Further, it should be noted that whilst the method of qualitative analysis is systematic and rigorous and the conclusions robust (being based on groups that are reflective of the diversity of the wider public), the analysis does not seek to quantify findings nor does it indicate statistical significance from a representative sample. This report offers a valuable insight into public perspectives on the key questions posed to them after receiving and deliberating on key information relevant to the questions. As such, it opens up a deeper understanding of public perceptions of the risks and benefits of QCovid®, and the ethical considerations that resonate most.

Report structure

The following chapter summarises the overarching themes which cut across the whole of the jury's discussions on QCovid®, as well as the specific principles relating to each tool. The subsequent chapters detail the findings related to the individual tools. In each of these chapters we provide a brief overview of the content presented to the jury, followed by a summary of the ratified principles and a summary of the discussion points - risks, benefits and ethical considerations - which led to these principles. Relevant quotes and screenshots from the fieldwork are used to reflect the discussions held throughout the workshops.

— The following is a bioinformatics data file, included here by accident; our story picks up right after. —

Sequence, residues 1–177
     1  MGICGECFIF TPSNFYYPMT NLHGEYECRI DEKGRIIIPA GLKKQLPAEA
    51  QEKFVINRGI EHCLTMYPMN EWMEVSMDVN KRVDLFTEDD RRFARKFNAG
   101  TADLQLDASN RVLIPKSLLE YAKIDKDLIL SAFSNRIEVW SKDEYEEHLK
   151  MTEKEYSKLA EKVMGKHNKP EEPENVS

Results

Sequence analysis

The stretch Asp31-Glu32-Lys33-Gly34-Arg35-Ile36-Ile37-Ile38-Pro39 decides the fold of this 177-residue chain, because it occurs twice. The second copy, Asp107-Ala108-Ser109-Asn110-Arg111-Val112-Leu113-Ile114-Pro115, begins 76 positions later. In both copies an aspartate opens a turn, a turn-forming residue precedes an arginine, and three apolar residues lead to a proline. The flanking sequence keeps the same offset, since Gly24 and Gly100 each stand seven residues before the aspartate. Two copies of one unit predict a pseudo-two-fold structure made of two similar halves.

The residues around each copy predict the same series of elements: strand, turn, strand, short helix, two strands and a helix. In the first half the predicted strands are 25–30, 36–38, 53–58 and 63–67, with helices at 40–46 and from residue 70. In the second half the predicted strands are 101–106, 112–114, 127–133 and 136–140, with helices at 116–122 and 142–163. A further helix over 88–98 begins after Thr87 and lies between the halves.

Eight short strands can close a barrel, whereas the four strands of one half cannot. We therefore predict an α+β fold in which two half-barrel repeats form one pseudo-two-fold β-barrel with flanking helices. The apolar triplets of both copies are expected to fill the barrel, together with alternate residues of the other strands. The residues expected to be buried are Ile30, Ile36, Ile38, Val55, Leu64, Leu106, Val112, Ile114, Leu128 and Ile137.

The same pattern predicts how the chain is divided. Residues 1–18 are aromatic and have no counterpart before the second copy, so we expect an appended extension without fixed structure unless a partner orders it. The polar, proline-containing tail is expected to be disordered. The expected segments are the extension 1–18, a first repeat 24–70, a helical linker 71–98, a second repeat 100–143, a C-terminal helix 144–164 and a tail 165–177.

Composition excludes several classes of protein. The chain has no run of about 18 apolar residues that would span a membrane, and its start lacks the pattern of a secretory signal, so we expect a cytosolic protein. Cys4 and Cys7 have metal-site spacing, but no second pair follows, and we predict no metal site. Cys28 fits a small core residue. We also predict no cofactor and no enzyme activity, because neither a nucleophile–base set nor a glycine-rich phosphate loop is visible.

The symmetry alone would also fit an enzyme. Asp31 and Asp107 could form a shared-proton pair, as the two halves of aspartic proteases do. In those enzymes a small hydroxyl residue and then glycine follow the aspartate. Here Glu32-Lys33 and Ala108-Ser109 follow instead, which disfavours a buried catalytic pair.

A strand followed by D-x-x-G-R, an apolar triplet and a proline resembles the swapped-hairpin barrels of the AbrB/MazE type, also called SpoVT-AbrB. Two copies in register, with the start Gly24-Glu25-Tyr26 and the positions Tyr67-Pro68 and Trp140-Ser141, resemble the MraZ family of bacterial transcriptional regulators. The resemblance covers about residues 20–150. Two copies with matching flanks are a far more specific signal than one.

Back to top